Do foreign policymakers pay attention to scholarship on foreign policy and national security issues? If not, then who is to blame – scholars who produce scholarship, or policy-makers? These questions are at the core of a new book, Cult of the Irrelevant: The Waning Influence of Social Science on National Security, authored by Michael C. Desch, political science professor at the University of Notre Dame. He explores the extent to which academics have been inclined to produce policy-relevant research and argues that it is the duty of scholars to do so. He contends that the field of political science and its sub-fields, international relations and international security, have prioritised complex methods and models over problem-driven research and in the process, scholarship became irrelevant for the policy-makers. Even this preference for models and methods is the result of the quest of political scientists to be considered as engaged in undertaking scientific work.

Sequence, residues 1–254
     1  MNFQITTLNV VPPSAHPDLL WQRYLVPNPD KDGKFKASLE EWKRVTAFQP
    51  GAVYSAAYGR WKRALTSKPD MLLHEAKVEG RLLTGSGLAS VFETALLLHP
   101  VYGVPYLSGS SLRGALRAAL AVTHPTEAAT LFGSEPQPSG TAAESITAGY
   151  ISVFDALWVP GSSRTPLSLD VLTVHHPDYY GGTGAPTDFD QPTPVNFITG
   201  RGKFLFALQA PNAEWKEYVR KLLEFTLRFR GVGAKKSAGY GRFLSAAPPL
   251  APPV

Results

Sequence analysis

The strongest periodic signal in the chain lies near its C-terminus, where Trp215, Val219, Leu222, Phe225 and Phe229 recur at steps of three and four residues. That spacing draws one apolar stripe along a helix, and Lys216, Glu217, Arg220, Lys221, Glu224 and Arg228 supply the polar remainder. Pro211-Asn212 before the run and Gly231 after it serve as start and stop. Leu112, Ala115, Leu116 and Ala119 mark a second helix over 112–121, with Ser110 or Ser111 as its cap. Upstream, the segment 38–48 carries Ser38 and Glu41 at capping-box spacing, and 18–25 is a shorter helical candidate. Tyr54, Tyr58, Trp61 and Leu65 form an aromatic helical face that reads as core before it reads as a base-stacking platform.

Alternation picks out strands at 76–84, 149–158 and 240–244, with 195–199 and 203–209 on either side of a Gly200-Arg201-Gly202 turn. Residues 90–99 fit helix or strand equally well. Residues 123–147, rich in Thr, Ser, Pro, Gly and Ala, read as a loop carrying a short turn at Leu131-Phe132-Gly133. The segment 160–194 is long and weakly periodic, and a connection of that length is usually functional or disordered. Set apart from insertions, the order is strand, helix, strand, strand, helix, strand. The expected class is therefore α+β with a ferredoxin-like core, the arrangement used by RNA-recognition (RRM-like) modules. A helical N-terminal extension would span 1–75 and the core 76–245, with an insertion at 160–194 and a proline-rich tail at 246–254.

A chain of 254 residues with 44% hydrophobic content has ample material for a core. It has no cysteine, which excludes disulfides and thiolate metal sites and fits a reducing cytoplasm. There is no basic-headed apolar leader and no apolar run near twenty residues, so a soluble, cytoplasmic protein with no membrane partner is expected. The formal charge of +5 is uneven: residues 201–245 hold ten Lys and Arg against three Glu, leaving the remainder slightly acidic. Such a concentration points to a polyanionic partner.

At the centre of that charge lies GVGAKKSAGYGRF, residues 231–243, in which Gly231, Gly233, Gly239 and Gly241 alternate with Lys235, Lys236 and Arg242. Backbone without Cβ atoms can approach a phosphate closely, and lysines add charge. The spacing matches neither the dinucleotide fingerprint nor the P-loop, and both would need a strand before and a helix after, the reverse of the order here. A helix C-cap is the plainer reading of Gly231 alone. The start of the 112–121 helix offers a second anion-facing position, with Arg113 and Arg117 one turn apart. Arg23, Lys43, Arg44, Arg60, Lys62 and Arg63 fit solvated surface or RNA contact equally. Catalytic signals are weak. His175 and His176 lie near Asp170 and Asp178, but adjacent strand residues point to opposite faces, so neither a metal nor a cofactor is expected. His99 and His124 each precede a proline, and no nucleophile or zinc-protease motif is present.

The book is a study of the rise of the field of political science in the US as a discipline from the early 1900s to the present. At times, the author widens the scope across disciplinary divides and at others, the focus is solely on the scholarship of foreign policy and security studies. The central problem, according to Desch is: gradually scholars have moved towards methodological rigour over policy relevance and it has led to an imbalance. Departments of political sciences across the US prefer rigour i.e., applying methods derived from natural sciences and mathematics to gain relevance in the world of academe. Desch aptly traces the history of this push for rigour through the era of Progressive movement of the 1920s to Behavioral revolution of 1950s and post-modern debates of recent decades.